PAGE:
The ability for law enforcement to break a pin depends greatly on the device and its operating system version. But at least as of 2018, it was clear that 4 and 6 digit pins were trivially broken by GrayKey devices. The exact current capabilities of this technology are not known, as far as I can tell, but I would simply assume that any pin less than 8 digits is insecure.
Biometric access methods are even worse. US Courts are still divided on the question of whether police can force unlock a device using biometrics. In 2019, a Northern California district judge ruled it illegal; more recently, however, a judge ruled in a January 6 Insurrection case that biometrics could be used to force the device open. Regardless, once a law enforcement officer has your device physically in their hands, there’s little you can do to stop them. At least one video shows a police officer pointing a phone at a handcuffed man’s face, presumably to unlock it.
That is to say, unless you strongly protect your phone by disabling biometrics and using a full-strength alphanumeric password, local storage may actually be the least secure way to store your menstrual cycle data.
There’s another angle to local storage, too, that I’ve already discussed: backups with iCloud or other syncs. Many iOS apps can store data in iCloud. Law enforcement authorities have leaned heavily on iCloud access to get data in the past, including iMessage data, and used that to prosecute drug traffickers and civil rights protestors. For newer iPhones, Apple claims to no longer be able to provide this data, but not everyone has a newer iPhone.
Moreover, backing up your device to iTunes or your PC, for instance to transfer photos, can create local copies of data on another device. You might not think about these backups when trying to delete your data. Moreover, it’s possible that the next time you connect your phone, the sync tool puts the data back on your phone. It’s annoying and hard to track down which backups contain what data, so the only guarantee here is to never sync your phone.
In short, local storage can be made extremely secure, but it’s very easy to accidentally turn your local storage situation into a cloud situation without even realizing it. Last but not least, choosing a local storage option for securing your data means it’s up to you to keep the device up-to-date and secure. If you lose the device, you lose access to the data. These risks have to be considered when choosing a solution.
The need for better data protection
If you made it past the many hundreds of words I’ve written on the particular benefits and drawbacks of various storage methods, then you might arrive at the conclusion that deleting data is hard. You’d be right. Because the United States has no federal data protection standard that applies to this kind of data, and has no federal legal right to be forgotten, what we’re left with is a bad situation where we either have to take the app developers at their word that they manage data securely, or we have to train millions of people on how to keep their devices secure and up-to-date. I’m going to be honest: I use a full-strength password for my phone, and it’s a huge pain in the ass. The battle for secure local storage is an uphill battle against the army of convenience.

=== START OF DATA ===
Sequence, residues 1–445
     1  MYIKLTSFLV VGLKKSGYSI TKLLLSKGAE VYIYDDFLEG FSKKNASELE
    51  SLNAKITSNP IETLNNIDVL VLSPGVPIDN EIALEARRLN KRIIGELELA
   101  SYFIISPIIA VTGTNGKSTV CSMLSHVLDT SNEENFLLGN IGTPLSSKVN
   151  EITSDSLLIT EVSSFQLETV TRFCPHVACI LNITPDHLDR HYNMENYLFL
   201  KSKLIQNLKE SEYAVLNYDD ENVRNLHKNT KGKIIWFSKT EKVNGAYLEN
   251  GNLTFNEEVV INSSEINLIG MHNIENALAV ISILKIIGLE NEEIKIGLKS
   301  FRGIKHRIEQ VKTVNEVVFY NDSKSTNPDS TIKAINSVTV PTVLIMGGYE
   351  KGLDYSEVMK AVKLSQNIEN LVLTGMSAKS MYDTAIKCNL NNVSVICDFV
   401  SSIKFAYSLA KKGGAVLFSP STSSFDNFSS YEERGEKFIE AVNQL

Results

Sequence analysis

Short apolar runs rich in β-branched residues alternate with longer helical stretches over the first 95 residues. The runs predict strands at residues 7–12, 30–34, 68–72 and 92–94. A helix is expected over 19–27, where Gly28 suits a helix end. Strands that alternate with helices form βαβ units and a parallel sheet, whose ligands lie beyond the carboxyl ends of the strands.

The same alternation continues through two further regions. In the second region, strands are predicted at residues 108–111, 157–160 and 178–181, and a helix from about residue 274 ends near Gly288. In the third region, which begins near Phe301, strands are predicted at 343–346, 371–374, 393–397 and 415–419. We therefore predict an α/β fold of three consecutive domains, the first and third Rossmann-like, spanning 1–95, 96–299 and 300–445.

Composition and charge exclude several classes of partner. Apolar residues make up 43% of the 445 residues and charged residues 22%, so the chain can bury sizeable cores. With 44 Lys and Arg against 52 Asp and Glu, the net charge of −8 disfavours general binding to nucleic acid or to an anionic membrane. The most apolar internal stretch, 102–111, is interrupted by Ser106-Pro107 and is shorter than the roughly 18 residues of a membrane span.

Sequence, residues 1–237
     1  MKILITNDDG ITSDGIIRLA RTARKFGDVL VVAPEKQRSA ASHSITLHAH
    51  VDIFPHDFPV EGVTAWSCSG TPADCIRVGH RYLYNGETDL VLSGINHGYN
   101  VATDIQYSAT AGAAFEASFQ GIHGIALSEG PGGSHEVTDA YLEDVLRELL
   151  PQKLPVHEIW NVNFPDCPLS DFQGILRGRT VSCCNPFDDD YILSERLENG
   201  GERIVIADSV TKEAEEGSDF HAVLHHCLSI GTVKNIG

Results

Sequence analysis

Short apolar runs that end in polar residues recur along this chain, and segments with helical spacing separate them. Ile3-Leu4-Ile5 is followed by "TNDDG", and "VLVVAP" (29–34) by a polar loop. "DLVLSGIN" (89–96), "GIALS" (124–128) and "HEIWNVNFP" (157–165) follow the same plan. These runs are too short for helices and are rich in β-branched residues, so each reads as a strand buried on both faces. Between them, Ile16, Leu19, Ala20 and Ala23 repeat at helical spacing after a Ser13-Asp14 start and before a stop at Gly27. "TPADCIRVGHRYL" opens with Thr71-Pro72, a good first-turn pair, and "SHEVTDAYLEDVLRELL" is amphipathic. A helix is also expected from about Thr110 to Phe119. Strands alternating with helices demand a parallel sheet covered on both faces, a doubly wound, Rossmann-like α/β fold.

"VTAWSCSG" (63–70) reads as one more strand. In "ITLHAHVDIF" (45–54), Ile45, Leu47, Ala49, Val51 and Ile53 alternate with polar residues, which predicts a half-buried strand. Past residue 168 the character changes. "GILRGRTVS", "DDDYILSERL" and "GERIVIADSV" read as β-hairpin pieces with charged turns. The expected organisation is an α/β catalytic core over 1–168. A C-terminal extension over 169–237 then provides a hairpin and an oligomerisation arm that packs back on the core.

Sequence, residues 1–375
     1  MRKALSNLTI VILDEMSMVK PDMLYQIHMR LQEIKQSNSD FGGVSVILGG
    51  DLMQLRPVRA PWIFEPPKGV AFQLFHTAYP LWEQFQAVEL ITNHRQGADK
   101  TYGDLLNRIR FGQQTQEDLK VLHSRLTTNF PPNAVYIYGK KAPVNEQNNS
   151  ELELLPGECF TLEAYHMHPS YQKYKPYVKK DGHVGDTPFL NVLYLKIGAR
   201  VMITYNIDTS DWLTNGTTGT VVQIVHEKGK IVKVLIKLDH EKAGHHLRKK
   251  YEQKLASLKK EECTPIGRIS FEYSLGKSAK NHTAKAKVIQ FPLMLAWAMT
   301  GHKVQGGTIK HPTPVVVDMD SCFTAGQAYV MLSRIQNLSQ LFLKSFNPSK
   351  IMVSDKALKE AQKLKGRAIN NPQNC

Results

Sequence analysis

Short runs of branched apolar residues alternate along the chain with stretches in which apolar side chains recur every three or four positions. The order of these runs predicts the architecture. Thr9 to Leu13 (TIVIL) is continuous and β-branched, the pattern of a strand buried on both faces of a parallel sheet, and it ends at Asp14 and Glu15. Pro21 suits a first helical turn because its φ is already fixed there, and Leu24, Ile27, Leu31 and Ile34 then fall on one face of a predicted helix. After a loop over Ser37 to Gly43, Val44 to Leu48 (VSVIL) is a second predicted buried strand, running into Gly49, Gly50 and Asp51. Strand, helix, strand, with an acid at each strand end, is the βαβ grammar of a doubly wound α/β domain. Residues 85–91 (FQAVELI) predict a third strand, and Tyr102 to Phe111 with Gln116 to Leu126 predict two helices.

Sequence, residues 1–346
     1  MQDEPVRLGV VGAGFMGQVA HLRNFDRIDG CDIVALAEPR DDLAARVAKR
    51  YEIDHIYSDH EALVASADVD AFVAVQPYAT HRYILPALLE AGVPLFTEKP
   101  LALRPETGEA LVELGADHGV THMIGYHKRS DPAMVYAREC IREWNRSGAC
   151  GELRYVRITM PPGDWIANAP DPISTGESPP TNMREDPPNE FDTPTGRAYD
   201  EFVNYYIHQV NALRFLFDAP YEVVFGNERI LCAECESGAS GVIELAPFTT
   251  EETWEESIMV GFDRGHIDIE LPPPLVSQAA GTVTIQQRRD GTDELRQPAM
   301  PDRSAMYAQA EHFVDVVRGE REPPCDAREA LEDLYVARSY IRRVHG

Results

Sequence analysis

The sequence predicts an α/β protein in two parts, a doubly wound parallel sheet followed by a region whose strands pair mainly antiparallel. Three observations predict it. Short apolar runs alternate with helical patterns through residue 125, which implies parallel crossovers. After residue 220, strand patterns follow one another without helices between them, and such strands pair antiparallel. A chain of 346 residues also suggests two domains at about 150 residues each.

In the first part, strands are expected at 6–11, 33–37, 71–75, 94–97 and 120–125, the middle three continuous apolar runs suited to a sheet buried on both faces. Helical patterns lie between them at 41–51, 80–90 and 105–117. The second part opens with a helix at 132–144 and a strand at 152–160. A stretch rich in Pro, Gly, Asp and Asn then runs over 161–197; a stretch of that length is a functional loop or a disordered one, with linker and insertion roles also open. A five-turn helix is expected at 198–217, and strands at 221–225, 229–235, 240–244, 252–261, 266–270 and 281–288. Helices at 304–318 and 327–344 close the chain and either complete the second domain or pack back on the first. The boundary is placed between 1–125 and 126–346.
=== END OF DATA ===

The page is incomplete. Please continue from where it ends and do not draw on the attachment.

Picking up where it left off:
It would be much more scalable and secure if infrastructure and security experts could protect the data. To do this, we need a strong data protection regulation that guarantees the right to be forgotten and provides for independent audit to give users peace of mind that data has been deleted. Much like deleting an app is no guarantee that locally-stored data is erased, deleting an account is no guarantee that your data is deleted along with your account. Your data almost surely lives on in the company’s databases. Period tracking data is only a minor threat in the risk of prosecuting abortion, but stronger guarantees that we could enforce the deletion of data would remove the personal burden of data security and improve global health outcomes for people with periods.
These fights are not new and not unique to period tracking. The period tracker outrage has underscored how little progress we’ve made in data protection regulation initiatives in the US overall. House Democrats, never missing the opportunity a good crisis presents, are working towards legislation to secure period data.
But why stop there? Period tracker data is not the only data police use to politically prosecute people. Why not work towards a stronger, general data protection regulation? After all, if we secure period tracker data, the police will simply look to facial recognition data or mood tracker data or fitness tracker instead. In fact, they already have. The fight for digital privacy rights is the same fight as the same for abortion rights. Closing the data protection regulatory gap would not only protect people seeking abortions now, it will also help keep people safe in the next fight, whether its for the right to birth control access, trans healthcare, or consensual sex between adults. The time is now to solve the right problems.